(Memphis) Environmental Court Judge Larry Potter called Mt. Carmel and Hollywood Cemeteries in south Memphis the worst he has seen in his career after a sight visit Thursday.
“I did not have any concept as to the nature of the problem until I went. The problems are massive,” said Judge Potter in court Thursday.
For those who have loved ones buried at the cemeteries, it seemed like they might never get help after the owners abandoned the properties earlier this year.
“The last time we were in court it was very depressing because there was no action taken,” said Alice Waller whose grandmother is buried at the cemetery.
But the media attention might’ve changed the outlook for the cemeteries. Two young Memphis business owners decided to step up and help out after seeing the story.
“Twenty-two acres, that’s a lot of man power,” said Edwin Dorsey owner of Grace Superior Cleaning who volunteered to help out.
An email from Dorsey and his business partner to Shelby County Mayor Mark Luttrell has resulted in the county getting involved.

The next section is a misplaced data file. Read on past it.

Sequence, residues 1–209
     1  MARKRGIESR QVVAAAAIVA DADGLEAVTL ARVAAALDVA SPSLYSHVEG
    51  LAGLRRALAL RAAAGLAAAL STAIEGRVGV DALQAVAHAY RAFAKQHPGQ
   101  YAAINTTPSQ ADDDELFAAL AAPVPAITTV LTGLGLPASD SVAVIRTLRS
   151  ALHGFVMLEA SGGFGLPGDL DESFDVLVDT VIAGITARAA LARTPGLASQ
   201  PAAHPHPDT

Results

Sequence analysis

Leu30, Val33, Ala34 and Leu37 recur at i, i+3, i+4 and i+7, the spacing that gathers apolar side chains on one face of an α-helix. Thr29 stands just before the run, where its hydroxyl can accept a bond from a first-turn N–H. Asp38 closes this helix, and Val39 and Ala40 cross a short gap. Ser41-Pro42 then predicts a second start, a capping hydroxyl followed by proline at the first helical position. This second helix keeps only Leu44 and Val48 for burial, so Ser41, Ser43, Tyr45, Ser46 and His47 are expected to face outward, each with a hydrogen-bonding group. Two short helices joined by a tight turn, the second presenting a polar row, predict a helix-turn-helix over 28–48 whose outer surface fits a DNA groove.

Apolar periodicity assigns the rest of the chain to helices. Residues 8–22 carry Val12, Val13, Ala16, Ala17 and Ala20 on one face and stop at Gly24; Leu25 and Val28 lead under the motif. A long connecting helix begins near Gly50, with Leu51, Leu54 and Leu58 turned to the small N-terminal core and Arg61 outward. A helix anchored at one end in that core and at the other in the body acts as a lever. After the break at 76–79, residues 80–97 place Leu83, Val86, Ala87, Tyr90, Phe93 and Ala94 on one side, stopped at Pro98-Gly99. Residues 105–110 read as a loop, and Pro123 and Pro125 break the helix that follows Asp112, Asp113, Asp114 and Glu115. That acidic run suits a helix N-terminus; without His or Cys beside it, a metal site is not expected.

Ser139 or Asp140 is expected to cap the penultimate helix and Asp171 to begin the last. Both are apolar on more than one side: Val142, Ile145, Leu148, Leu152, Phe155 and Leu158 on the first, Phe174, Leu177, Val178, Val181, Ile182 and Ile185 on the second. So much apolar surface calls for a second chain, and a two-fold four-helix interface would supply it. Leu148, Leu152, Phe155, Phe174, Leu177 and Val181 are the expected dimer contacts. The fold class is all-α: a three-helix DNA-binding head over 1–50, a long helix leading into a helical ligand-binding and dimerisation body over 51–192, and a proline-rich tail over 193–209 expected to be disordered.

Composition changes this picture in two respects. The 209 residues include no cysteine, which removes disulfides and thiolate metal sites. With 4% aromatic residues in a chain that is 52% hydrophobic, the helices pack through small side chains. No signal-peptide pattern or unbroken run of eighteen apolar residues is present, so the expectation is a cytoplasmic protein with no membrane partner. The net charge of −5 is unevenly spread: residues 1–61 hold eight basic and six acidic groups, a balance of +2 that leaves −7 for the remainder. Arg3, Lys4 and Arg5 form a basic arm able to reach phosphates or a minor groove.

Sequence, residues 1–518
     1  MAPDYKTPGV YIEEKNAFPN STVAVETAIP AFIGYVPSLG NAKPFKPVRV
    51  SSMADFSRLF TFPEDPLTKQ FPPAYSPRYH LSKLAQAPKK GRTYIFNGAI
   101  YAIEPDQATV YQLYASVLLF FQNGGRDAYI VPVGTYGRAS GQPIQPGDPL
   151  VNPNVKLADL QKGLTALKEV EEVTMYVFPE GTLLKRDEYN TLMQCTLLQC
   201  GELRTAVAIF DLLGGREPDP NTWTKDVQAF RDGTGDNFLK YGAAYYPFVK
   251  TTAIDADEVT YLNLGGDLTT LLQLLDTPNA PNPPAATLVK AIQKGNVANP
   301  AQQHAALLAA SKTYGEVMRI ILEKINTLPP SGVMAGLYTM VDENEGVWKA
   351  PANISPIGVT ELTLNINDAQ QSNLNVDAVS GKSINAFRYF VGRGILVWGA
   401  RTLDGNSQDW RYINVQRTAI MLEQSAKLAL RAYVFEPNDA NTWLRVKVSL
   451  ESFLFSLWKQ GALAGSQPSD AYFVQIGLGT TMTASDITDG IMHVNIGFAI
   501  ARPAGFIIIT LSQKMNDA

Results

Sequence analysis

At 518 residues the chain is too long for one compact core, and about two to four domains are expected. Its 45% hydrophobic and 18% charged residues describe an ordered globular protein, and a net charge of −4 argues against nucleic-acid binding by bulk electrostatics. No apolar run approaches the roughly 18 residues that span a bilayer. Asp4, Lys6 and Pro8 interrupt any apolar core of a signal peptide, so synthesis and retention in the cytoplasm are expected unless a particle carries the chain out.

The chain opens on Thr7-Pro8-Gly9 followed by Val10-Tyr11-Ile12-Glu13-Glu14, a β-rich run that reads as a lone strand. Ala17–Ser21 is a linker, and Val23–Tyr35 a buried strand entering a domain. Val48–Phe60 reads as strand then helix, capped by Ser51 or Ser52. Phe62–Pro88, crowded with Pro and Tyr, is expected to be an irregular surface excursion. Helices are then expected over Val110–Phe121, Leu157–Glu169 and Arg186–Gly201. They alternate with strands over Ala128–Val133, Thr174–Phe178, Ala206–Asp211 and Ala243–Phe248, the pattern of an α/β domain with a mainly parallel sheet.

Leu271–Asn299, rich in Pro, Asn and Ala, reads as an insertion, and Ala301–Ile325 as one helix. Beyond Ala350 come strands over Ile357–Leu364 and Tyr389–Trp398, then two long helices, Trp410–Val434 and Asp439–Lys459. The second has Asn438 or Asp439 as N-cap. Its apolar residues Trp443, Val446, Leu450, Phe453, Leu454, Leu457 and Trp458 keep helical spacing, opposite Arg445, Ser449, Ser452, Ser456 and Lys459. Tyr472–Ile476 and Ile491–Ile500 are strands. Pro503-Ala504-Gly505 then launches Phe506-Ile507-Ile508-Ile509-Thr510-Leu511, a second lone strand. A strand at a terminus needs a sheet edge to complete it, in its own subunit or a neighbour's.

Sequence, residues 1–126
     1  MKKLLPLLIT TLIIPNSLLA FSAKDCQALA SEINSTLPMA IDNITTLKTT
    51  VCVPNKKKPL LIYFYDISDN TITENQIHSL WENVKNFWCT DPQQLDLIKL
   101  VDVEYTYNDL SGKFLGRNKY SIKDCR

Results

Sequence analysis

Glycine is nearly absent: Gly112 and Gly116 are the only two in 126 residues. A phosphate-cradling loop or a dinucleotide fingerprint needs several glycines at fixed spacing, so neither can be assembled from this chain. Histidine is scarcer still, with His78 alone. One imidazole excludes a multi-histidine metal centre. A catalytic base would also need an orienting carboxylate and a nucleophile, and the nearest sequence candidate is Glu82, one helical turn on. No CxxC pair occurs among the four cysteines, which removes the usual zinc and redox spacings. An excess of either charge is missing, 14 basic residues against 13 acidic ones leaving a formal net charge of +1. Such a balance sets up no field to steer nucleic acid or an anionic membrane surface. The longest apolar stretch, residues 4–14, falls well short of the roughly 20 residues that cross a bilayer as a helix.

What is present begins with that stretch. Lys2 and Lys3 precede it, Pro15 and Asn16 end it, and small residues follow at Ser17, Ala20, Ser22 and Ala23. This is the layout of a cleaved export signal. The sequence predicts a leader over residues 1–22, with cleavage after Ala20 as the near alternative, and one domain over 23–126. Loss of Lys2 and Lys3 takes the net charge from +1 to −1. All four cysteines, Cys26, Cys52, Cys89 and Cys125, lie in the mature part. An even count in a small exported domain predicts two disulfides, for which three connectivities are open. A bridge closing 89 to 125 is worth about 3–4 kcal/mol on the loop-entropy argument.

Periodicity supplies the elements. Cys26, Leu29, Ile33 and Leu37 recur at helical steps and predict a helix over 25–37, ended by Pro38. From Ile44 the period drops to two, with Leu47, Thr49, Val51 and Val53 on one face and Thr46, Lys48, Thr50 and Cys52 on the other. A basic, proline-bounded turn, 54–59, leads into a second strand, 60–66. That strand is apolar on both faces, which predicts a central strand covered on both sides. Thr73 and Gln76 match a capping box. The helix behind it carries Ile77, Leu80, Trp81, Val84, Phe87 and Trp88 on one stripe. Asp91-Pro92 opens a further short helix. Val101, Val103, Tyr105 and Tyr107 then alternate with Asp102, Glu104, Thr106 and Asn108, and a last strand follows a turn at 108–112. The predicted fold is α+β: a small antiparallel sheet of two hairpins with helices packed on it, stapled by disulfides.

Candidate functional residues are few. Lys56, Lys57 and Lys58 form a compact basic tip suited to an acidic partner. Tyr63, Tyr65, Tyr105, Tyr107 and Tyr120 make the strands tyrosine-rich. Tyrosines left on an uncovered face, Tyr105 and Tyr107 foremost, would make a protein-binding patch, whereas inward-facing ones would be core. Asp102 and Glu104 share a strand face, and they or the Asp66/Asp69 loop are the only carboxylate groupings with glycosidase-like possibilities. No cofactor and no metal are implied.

“We will be looking at what resources county government has in order to help out. We’ve got teams of inmates that go out every day cutting county lots all over the city. We may be pulling some of those inmates and getting them into the cemeteries to see what we can do,” said Shelby County spokesman Steve Shular.
For the families of those resting at Mt Carmel and Hollywood cemeteries, they hope the collaboration will bring permanent change.
“I would like to see this done before my uncle goes home to glory,” added Waller.
Judge Potter will meet with several groups that have volunteered over the next several weeks. The case is also set to be back in his courtroom on November 7 to work out a long-term solution.